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The age and sex structure of the population of England and Wales

Comparisons before and after the 2011 Census

Annual population estimates are calculated by updating or “rolling forward” the population from the census base, to account for changes that result from births, deaths and migration. These rolled-forward estimates are subject to accumulating uncertainty over the years until the next decennial census becomes available and the series is re-based again.

Comparison between the mid-2011 Census-based population estimates and the mid-2011 rolled-forward population estimates (for England and Wales) revealed a 464,000 shortfall. This is the difference that has accumulated in the rolled-forward estimates since the 2001 Census provided the base. 

Population age and sex structure between mid-2001 and mid-2011

The population pyramid below illustrates the age and sex structure of the England and Wales population in mid-2011. The structure of the pyramid is determined by patterns of births, deaths and migration over previous years. The shaded bars represent the mid-2011 estimates based on the 2011 Census. The black outline represents the age and sex structure of the rolled-forward mid-2011 population estimates, which, when compared to the shaded bars, illustrates the effect of the shortfall on the age and sex structure of the population of England and Wales.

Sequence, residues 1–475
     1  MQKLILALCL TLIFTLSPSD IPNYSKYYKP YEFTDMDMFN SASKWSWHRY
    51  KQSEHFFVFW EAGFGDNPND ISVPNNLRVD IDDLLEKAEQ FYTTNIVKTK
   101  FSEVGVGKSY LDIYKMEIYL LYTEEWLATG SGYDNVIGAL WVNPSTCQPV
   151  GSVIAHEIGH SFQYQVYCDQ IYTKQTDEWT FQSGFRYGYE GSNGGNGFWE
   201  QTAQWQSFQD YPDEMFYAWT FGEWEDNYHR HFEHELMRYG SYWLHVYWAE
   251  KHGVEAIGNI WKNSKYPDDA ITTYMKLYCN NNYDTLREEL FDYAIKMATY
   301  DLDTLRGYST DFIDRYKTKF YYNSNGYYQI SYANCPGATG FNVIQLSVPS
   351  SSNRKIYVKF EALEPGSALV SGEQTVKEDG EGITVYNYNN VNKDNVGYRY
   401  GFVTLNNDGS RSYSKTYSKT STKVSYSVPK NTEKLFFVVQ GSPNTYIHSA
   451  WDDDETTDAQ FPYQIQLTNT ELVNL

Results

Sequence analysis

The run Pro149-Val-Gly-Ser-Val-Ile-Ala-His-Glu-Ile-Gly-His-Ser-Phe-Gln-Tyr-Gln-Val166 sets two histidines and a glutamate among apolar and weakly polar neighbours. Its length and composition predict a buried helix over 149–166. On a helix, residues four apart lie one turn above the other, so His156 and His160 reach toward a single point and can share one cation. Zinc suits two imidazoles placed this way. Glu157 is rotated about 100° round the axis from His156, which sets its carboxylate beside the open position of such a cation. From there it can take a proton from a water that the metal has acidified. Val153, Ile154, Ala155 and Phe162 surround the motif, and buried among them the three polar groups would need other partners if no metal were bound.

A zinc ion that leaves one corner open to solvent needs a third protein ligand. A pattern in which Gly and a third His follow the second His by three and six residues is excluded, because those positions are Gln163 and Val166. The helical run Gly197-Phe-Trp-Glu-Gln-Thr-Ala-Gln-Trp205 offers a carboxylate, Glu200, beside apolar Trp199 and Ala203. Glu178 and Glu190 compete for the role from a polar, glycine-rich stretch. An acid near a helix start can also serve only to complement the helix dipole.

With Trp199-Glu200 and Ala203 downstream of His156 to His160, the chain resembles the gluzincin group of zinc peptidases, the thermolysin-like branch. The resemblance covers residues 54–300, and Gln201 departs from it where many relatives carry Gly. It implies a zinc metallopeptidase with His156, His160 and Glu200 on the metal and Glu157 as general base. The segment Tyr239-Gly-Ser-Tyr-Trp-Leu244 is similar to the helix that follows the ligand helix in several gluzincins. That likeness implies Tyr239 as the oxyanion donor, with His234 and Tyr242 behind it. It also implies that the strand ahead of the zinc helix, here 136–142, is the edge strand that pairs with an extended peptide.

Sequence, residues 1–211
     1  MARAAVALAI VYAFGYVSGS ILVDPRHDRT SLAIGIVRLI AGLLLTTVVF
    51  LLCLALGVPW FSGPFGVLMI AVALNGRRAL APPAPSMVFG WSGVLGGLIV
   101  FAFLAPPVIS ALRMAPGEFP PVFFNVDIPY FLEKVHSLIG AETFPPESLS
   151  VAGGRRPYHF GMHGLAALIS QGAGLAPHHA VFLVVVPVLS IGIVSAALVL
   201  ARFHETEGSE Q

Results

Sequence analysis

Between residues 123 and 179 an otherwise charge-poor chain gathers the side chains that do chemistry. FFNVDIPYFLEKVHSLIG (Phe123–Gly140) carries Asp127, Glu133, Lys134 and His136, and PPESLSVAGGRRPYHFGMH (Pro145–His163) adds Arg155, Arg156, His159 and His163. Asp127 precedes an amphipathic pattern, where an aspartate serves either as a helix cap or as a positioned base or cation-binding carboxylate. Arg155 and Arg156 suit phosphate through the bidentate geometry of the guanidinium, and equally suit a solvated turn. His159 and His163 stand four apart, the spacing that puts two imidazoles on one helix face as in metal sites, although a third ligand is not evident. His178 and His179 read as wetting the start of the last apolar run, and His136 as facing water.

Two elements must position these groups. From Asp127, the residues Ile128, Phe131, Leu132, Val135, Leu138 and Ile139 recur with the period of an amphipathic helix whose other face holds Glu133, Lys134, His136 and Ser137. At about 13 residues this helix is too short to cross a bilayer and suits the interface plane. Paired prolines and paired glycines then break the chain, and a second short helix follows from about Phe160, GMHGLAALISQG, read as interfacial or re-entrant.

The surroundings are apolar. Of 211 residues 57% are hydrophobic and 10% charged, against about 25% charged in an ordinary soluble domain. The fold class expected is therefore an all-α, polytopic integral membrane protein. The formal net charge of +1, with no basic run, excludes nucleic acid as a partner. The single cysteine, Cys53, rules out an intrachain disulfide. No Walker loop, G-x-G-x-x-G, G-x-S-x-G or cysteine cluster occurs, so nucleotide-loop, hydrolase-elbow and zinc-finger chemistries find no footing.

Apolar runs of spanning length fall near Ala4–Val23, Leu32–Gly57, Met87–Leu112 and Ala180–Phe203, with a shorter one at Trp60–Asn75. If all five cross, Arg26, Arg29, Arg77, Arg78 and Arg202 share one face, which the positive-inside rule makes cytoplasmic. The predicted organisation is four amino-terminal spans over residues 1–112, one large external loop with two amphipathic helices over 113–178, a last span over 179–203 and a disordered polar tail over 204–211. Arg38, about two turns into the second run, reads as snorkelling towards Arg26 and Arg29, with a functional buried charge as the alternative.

Population pyramid for England & Wales, mid-2011 Census-based estimates (bars) and mid-2011 rolled-forward estimates (line)

Note: The population pyramid stops at age 89, causing the top of the pyramid to be flat.

The age and sex structure of the mid-2011 Census-based estimates is broadly similar to the rolled-forward estimates over the decade. However, there are some key differences:

  • The number of males in their early to mid-20s were overestimated in the rolled-forward estimates, so the mid-2011 Census-based estimates show fewer males at this age.

  • The number of females in their late 20s and early 30s were underestimated in the rolled-forward estimates, so more females are shown in the mid-2011 Census-based estimates. This is also the case for males to a lesser extent.

  • The number of males and females aged 10-19 were underestimated in the rolled-forward estimates, so the mid-2011 Census-based estimates for these ages are accordingly larger.

  • The number of males and females aged 80 and older were overestimated in the rolled-forward estimates, so the mid-2011 Census-based estimates show fewer people in these ages.

  • Those aged 64 show a marked difference between the mid-2011 Census-based and rolled-forward estimates.

The proportion of the population aged under 16 was around 20% and the proportion of the population aged 65 and over was around 16% in both the mid-2011 Census-based estimates and the rolled-forward estimates.

Categories: Population, Population Change, Population Estimates, Population Estimates by Age and Sex
Content from the Office for National Statistics.
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